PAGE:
Early Days and a Brief History (To the 1980's)

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I am indebted to Brian for giving me a steer on a Bollywood heroine who started making films in the 1930's and continued into the 1960's. Her name was Fearless Nadia and she featured in a whole range of films requiring her to perform, from what I have read, some breathtaking stunts as she took on the bad guys of Indian Film and righting wrongs. Most film historians agree that such boldness would not have been tolerated if Fearless Nadia was a native born Indian but her blue eyed, blond looks (she was originally from Australia and called Mary Evans) enabled her to circumvent the strict stereotypes of the time and captivate Indian audiences for decades. Like many stars from the early days of the movies her pioneering achievements have been forgotten by many and her work is difficult to find but a homage to this remarkable sounding lady was made by her grandson in the 1993.

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One of the early examples of GWG cinema is Khyber Mail. In retrospect it looks like this film was Pakistan's equivalent to a Fearless Nadia film featuring, as it does, a masked female whip cracking, gunslinger. It stars the Pakistani actress Neelo and is reminiscent of the old Zorro/Lone Ranger films except the main protagonist is female. Neelo was popular in the late 1950's and 1960's so my guess is that Khyber Mail was made sometime around then. I would guess that it was quite startling to have a native born Pakistani actress playing a role which demanded that she ride around the countryside meeting out summary and fairly brutal justice to all and sundry.

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Khyber Mail is far from unique in the that the film also features a bad girl role (not shown). The bad girl or "vamp" as she is colloquially known in this type of film has been a constant character in Indian film. Until relatively recent times the role was generally set firmly in the background. Her role was to scheme and to look evil and seductive. Quite often there was an attempt to subvert the film's hero from the straight and narrow which often was hinted at by sexually provocative dancing  plus some socially risqué habits for an Indian woman of the time such as smoking or drinking. In the 1970's and 1980's the roles often became more forceful with the vamp pushed further into the line of criminality and sometimes even taking over the role of chief villain. One example of this is Qurbani made in 1980.  Aruna Irani plays one half of a brother and sister crime cartel. Towards the end of the film it is obvious that it is the woman who is  just as much the driving force behind the criminality and is an prime example of liberation that women were beginning to have in Bollywood film.  Aruna often played vamp roles during her acting days and is still active as a producer and actress in today's Bollywood.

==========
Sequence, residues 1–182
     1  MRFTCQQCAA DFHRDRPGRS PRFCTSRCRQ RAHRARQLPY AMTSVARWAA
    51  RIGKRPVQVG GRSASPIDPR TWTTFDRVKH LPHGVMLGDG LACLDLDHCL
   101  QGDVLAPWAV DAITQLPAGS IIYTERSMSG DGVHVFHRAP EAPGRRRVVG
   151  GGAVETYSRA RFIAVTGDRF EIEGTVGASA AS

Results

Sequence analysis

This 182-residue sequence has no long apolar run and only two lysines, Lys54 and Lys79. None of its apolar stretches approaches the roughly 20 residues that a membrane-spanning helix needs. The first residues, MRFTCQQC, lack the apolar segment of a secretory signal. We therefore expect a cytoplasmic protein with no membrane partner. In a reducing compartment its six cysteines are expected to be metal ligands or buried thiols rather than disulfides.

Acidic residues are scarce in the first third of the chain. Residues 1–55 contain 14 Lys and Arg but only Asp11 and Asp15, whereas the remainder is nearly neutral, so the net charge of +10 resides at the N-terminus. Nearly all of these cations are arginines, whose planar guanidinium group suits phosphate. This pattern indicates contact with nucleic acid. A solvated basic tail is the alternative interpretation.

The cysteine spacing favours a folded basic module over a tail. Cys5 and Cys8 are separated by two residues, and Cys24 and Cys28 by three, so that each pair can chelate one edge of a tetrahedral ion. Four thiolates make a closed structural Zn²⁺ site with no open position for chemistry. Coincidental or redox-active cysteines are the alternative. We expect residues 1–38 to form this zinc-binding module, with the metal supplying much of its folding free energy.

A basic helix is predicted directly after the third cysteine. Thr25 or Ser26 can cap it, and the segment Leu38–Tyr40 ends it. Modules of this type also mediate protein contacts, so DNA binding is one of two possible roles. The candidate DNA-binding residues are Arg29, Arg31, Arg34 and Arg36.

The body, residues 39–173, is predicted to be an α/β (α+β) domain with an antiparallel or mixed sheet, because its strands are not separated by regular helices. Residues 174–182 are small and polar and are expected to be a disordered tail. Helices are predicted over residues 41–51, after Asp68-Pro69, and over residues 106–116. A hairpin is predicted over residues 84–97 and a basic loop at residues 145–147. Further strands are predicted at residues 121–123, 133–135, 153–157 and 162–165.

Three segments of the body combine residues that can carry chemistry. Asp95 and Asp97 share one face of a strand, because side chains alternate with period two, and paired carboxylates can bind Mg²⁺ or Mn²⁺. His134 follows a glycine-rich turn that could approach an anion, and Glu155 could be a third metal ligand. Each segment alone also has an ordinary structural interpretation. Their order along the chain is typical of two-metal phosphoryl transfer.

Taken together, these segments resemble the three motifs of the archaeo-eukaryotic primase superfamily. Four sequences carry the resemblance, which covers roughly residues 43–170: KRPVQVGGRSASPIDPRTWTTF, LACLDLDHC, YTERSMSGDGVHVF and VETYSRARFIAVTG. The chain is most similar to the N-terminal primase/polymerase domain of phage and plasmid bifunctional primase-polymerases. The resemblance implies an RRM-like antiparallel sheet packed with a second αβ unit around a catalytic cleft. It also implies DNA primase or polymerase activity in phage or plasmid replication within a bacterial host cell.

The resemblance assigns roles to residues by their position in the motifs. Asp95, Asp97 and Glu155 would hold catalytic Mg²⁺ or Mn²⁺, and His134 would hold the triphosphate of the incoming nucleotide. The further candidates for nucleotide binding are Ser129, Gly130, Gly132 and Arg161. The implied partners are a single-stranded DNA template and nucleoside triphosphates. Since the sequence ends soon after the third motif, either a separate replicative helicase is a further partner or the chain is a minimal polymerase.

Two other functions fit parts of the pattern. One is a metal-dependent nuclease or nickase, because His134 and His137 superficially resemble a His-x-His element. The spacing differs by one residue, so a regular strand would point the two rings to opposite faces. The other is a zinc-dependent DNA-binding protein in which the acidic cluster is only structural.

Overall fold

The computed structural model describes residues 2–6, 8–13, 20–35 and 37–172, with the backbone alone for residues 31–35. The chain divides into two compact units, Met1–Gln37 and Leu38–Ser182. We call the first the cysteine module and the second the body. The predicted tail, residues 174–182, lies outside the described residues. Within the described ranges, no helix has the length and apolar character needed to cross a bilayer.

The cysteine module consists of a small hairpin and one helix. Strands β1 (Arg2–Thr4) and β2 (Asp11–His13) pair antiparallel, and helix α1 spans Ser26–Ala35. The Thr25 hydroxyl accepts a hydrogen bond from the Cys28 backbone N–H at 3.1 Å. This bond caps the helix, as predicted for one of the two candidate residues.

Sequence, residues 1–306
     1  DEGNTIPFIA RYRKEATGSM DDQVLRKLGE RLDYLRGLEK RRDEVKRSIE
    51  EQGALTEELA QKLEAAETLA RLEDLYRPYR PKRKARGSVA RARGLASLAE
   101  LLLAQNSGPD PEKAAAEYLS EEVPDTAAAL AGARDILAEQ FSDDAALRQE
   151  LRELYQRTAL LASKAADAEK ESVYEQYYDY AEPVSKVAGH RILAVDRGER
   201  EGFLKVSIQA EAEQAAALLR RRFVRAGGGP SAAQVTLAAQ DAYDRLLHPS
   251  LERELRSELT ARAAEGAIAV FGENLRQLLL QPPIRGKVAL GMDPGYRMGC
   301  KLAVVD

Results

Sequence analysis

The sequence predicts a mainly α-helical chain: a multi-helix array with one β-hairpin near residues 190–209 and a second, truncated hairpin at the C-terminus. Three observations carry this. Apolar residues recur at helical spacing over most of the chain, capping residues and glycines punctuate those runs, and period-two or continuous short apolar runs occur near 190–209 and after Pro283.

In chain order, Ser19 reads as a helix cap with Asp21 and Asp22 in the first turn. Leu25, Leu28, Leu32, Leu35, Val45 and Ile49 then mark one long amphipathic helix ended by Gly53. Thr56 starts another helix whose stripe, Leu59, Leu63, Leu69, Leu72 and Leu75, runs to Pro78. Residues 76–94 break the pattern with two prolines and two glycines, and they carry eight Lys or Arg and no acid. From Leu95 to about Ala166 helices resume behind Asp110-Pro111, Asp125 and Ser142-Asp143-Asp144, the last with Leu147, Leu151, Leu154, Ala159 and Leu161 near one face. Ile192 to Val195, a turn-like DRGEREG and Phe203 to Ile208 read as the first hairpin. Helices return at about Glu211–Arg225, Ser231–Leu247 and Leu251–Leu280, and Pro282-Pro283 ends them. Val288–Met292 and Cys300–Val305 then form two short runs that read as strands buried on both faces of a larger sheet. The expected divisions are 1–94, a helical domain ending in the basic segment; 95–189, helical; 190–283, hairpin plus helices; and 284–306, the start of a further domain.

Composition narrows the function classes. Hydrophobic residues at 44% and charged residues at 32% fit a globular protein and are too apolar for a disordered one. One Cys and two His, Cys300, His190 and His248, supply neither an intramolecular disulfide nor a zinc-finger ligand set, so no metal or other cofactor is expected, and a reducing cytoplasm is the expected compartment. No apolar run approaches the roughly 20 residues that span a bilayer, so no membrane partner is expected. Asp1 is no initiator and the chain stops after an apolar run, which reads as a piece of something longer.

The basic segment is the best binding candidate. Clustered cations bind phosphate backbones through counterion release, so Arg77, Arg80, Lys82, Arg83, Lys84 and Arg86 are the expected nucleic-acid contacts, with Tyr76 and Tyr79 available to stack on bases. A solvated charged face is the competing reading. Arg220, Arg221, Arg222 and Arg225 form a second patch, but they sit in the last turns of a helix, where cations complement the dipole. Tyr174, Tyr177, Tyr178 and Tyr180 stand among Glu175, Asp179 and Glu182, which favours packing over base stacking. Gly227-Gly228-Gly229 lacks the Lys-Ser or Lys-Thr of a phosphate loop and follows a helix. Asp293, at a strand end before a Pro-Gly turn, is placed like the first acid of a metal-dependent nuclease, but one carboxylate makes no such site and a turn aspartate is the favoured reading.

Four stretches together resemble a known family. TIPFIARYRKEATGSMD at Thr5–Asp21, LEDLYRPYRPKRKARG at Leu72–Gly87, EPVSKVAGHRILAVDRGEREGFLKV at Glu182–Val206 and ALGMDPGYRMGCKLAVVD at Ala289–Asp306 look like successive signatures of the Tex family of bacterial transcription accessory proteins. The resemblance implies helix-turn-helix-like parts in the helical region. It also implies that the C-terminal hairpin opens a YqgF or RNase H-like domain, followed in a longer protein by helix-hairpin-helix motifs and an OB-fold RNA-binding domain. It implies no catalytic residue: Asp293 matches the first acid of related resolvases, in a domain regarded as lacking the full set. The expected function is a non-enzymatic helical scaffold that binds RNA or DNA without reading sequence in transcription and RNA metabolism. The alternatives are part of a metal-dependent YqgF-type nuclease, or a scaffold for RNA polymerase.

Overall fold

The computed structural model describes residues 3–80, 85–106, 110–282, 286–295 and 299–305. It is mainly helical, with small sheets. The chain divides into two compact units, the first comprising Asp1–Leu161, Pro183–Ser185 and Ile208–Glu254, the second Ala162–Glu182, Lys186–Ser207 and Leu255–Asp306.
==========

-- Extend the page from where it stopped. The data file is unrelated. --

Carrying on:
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Even with the steady increase of roles featuring dominant or powerful women the roles still tended to stick to stereotype. That is the women were relegated to bystanders in the action sequences or alternatively limited to engaging in a catfight with the film's good girl.  Throughout the 1970's and 1980's the frequency of girls wielding guns was increasing but still relatively small. One actress who sometimes bucked the trend was the very talented and very cute Zeenat Aman. She played the good girl in Qurbani (see previous) but her characters often displayed a moral ambivalence. In both Don and The Great Gambler she played a gun toting moll who has in fact infiltrated the bad guys to gain revenge for a past wrong. This role was extended further when she played the avenging rape victim in Insaf Ka Tarazu though this film more rightly belongs in a set of films discussed later in these pages - the "Avenging Woman" genre.

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Another lady who regularly played tough girl roles is Lollywood actress Anjuman, the pinnacle of her career was in the 1980s. Anjuman obtained near legendary status both for her provocative dancing and her action packed roles including Daku Haseena, Hunterwali and countless others. This woman did everything, apart from act very well but who needs that when you can watch the spectacle of the Amazonian like Anjuman shoot, ride and fight along with the best of them. Anjuman, together with Babra Sharif dominated Pakistani film in the 1980s and is still revered despite the ungracious way she was forced to quit the Lollywood film industry at the beginning of the millennium.

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